File(s) under permanent embargo
The effectiveness of interventions to improve resilience among health professionals: A systematic review
Objective: To assess the effectiveness of resilience interventions in improving resilience outcome among health professionals.
Background: The nature of health professionals' work is physically and emotionally demanding, with trauma a common consequence with the act of providing health care.
Design: A systematic review.
Data Source: A comprehensive search of the literature was conducted in February 2018 using PubMed, PsychInfo, Cumulative Index of Nursing and Allied Health Literature (CIHAHL) and Scopus.
Review Methods: Methodological quality was assessed and a standardized data coding form was used to extract data.
Results: Of the 33 included studies, 15 were single-arm pre-post-design, 10 were RCTs, five used a non-randomized controlled design, and three were qualitative. Eleven studies (out of 16) showed a significant improvement in resilience scores while five (out of eight) studies reported a significant difference in resilience scores between treatment and control groups.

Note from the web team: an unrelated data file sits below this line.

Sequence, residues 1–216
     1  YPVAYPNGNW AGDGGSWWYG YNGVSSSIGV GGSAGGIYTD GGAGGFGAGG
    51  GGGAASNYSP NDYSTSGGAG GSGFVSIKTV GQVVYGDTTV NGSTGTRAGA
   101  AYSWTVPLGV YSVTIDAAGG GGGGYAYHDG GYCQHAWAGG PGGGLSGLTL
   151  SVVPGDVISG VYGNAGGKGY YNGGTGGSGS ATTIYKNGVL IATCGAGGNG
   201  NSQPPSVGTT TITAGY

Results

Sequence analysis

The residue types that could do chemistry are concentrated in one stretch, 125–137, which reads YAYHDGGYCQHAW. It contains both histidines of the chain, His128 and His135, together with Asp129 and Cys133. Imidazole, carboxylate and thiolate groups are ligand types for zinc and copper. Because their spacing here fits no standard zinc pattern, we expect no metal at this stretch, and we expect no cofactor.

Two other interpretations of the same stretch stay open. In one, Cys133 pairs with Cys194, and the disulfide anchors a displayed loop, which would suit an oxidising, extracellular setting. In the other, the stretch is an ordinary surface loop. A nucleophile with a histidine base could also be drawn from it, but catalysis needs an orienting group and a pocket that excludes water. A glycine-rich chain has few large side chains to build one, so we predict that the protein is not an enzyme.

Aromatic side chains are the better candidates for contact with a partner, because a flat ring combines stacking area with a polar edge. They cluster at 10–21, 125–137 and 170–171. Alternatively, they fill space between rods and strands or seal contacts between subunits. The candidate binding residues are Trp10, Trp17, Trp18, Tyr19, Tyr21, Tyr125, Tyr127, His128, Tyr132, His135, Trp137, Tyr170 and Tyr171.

Conclusion: Findings suggest that resilience training may be of benefit to health professionals. However, not all interventions enhanced resilience with training volume being more effective. Not all studies reporting resilience used standard resilience instruments. The results of the current review may inform resilience programs as well as future interventional studies on resilience building.
University of Tasmania
Publication titleNurse Education Today
Department/SchoolSchool of Nursing
Place of publicationJournal Production Dept, Robert Stevenson House, 1-3 Baxters Place, Leith Walk, Edinburgh, Scotland, Midlothian, Eh1 3Af
Rights statement© 2018 Elsevier Ltd. All rights reserved